State judge rejects motion by right-wing robocallers to toss case

    Attorney General Dana Nessel at a press conference on voting, Oct. 28, 2020 | Gov. Whitmer office photo

    Judge Margaret Van Houten of the state’s Third Circuit Court has rejected a motion by far-right conspiracy theorists and political operatives Jack Burkman and Jacob Wohl to quash information and dismiss the robocall intimidation case against the pair.   

    “We are pleased with the court’s ruling, and look forward to the case continuing on to the next stage of the proceedings,” said Michigan Attorney General Dana Nessel on Tuesday through a statement.    

    The case remains pending. Burkman, 54, and Wohl, 22, are accused of orchestrating a robocall last year during the run up to the U.S. presidential election to intimidate voters in Detroit and other cities with significant minority populations. Detroit is 79% Black. The defendants are each charged with: 

    • One count of election law – intimidating voters, a five-year felony 
    • One count of conspiracy to commit an election law violation, a five-year felony 
    • One count of using a computer to commit the crime of election law – intimidating voters, a seven-year felony
    • Using a computer to commit the crime of conspiracy, a seven-year felony

    SDNY orders Wohl, Burkman to correct misinformation about voting in new robocall

    In their motion and oral arguments, Burkman and Wohl claimed their conduct did not violate Michigan’s voter intimidation law and that the robocalls were protected by the First Amendment. Van Houten rejected the argument. She ruled that the district court did not abuse its authority in binding over the case to Circuit Court because the robocall had the potential to deter people from voting by mail. She also rejected the free speech argument made by defendants. 

    “I think that this does not qualify as … a violation of the First Amendment in this context,” said Van Houten, who was appointed to the court in 2012 by Republican former Gov. Rick Snyder. “Every statement has to be viewed in and of itself. It’s not expressing an opinion, it is stating information that is misleading at very least and possibly false …”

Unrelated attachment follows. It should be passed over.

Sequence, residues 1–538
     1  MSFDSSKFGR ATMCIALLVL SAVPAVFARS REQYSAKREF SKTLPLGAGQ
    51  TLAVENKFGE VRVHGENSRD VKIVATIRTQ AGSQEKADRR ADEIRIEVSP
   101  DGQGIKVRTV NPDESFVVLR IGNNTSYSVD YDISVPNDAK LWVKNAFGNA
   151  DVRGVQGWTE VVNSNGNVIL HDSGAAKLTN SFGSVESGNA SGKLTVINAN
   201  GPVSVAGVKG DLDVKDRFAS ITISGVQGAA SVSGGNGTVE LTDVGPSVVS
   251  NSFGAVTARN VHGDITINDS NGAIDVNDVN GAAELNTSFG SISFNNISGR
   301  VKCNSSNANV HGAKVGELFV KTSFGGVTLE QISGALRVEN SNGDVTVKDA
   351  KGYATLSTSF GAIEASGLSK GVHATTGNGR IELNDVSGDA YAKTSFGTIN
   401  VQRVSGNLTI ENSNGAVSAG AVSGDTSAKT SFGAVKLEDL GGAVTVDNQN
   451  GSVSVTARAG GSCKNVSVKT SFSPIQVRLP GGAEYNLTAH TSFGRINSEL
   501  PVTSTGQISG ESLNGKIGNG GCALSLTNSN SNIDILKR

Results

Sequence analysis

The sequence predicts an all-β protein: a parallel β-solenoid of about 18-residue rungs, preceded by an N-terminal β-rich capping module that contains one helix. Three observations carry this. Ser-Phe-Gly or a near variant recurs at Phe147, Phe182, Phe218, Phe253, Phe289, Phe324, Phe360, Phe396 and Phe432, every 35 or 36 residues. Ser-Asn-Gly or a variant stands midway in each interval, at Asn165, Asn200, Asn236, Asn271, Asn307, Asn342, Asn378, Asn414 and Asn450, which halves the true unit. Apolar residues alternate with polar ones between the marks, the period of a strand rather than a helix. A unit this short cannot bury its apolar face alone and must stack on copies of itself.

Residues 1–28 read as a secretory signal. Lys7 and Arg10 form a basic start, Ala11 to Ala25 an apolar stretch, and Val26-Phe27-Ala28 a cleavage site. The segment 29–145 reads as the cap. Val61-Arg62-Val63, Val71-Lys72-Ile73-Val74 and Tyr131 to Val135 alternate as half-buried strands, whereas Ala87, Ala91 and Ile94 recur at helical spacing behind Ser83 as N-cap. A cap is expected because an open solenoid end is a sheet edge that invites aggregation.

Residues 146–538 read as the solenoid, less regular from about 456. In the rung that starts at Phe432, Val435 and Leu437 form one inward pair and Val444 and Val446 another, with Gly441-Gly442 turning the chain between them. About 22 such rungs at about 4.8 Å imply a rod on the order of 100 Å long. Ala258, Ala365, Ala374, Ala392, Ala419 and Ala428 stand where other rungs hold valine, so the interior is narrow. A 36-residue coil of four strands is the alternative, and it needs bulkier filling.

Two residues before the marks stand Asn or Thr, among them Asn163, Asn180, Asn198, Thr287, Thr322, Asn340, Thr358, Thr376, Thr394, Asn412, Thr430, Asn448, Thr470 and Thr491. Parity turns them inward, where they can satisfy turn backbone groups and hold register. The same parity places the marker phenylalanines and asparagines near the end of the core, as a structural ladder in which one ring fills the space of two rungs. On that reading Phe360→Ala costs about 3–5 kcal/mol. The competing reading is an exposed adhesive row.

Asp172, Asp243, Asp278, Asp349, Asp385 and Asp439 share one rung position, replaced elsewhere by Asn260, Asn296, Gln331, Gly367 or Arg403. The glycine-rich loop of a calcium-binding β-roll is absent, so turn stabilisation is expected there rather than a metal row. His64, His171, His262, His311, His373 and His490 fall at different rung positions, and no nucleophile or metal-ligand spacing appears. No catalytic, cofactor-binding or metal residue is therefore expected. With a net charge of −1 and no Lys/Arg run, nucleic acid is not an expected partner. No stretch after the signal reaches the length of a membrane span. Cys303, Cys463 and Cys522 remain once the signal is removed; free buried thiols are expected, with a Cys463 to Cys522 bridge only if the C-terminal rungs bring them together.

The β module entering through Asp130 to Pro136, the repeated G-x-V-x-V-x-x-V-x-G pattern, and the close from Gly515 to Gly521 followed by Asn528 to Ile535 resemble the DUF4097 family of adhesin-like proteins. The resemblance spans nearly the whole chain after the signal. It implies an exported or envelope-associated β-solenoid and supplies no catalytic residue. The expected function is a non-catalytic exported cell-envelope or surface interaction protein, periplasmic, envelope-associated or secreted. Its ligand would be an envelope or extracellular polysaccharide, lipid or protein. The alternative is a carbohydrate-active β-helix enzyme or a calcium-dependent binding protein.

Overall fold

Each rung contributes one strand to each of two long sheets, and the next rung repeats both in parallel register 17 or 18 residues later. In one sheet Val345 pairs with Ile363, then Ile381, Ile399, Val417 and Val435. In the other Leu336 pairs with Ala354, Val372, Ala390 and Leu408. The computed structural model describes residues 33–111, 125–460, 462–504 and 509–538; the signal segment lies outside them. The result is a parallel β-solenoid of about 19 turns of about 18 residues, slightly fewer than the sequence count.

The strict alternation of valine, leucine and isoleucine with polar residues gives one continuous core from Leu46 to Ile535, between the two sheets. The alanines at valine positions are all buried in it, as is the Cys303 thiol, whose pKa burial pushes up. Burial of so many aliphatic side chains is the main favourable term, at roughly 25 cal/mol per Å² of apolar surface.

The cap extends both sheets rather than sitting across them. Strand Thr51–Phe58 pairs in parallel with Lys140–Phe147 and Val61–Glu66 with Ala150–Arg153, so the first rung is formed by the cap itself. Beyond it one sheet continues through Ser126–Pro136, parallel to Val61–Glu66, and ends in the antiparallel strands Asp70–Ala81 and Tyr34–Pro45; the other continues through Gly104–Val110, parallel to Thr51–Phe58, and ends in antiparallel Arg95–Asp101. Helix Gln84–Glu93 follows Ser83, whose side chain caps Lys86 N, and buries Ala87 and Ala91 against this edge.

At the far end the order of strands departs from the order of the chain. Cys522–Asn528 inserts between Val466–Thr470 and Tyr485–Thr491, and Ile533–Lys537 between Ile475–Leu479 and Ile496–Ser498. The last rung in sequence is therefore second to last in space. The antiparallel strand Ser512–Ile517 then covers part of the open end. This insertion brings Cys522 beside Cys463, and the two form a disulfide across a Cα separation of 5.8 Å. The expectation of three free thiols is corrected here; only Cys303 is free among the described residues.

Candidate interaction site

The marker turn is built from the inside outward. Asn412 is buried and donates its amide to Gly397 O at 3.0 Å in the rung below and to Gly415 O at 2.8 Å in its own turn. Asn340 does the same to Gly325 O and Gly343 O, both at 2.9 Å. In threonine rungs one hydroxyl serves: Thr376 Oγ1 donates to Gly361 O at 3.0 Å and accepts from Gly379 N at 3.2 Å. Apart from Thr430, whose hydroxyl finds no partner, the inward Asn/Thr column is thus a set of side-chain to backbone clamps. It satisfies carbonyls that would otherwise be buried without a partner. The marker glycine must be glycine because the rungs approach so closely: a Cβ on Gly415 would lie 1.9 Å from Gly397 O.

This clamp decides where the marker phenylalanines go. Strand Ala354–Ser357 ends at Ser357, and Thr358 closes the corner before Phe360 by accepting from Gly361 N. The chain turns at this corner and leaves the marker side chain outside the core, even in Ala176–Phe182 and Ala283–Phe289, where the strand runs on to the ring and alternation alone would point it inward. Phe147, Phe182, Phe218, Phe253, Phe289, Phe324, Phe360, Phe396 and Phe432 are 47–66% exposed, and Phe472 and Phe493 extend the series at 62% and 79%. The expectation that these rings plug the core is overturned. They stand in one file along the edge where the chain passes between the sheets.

Nessel’s office filed criminal charges on Oct. 1, alleging Burkman and Wohl attempted to deter voters from participating in the Nov. 3 general election by disseminating a robocall making a number of falsehoods and targeting specific areas, including Detroit and other major U.S. cities with significant minority populations. The robocalls were made in late August and went out to nearly 12,000 residents in the Detroit area.   

    Ken Coleman covers Southeast Michigan, economic justice and civil rights. He is a former Michigan Chronicle senior editor and served as the American Black Journal segment host on Detroit Public Television. He has written and published four books on black life in Detroit, including Soul on Air: Blacks Who Helped to Define Radio in Detroit and Forever Young: A Coleman Reader. His work has been cited by the Detroit News, Detroit Free Press, History Channel and CNN. Additionally, he was an essayist for the award-winning book, Detroit 1967: Origins, Impacts, Legacies. Ken has served as a spokesperson for the Michigan Democratic Party, Detroit Public Schools, U.S. Sen. Gary Peters and U.S. Rep. Brenda Lawrence. Previously to joining the Advance, he worked for the Detroit Federation of Teachers as a communications specialist. He is a Historical Society of Michigan trustee and a Big Brothers Big Sisters of Metropolitan Detroit advisory board member.